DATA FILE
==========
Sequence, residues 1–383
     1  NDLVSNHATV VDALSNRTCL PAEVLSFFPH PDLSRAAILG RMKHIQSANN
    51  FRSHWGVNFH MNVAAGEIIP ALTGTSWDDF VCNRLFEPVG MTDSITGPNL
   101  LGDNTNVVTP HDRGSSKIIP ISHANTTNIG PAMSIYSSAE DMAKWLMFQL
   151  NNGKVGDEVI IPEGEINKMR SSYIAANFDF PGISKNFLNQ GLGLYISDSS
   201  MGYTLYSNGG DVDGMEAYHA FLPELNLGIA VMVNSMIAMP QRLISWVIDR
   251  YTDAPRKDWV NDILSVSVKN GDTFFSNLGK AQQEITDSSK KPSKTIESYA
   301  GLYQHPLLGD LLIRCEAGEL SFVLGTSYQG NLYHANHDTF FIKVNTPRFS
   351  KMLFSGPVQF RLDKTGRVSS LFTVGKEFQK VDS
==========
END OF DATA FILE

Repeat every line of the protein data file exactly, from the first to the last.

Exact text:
Sequence, residues 1–383
     1  NDLVSNHATV VDALSNRTCL PAEVLSFFPH PDLSRAAILG RMKHIQSANN
    51  FRSHWGVNFH MNVAAGEIIP ALTGTSWDDF VCNRLFEPVG MTDSITGPNL
   101  LGDNTNVVTP HDRGSSKIIP ISHANTTNIG PAMSIYSSAE DMAKWLMFQL
   151  NNGKVGDEVI IPEGEINKMR SSYIAANFDF PGISKNFLNQ GLGLYISDSS
   201  MGYTLYSNGG DVDGMEAYHA FLPELNLGIA VMVNSMIAMP QRLISWVIDR
   251  YTDAPRKDWV NDILSVSVKN GDTFFSNLGK AQQEITDSSK KPSKTIESYA
   301  GLYQHPLLGD LLIRCEAGEL SFVLGTSYQG NLYHANHDTF FIKVNTPRFS
   351  KMLFSGPVQF RLDKTGRVSS LFTVGKEFQK VDS